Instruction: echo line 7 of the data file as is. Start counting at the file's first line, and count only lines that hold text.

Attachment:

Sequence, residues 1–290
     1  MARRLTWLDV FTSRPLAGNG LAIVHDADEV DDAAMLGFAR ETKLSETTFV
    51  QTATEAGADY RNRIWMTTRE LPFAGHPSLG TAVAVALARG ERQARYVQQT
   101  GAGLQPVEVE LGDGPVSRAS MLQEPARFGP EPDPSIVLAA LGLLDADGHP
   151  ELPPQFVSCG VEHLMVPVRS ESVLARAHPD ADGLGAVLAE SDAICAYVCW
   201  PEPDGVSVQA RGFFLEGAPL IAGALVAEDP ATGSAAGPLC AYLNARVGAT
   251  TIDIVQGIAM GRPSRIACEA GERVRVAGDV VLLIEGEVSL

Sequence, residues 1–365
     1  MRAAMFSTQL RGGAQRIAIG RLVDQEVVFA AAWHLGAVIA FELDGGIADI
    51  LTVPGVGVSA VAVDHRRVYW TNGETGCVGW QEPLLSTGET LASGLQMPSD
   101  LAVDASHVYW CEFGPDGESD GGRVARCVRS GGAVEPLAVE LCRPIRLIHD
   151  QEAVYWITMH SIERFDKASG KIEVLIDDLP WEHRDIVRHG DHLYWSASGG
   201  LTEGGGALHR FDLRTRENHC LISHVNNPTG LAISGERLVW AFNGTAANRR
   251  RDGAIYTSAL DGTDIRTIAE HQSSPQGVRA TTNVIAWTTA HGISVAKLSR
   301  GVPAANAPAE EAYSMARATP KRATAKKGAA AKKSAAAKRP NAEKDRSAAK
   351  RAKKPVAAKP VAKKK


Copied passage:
   251  TIDIVQGIAM GRPSRIACEA GERVRVAGDV VLLIEGEVSL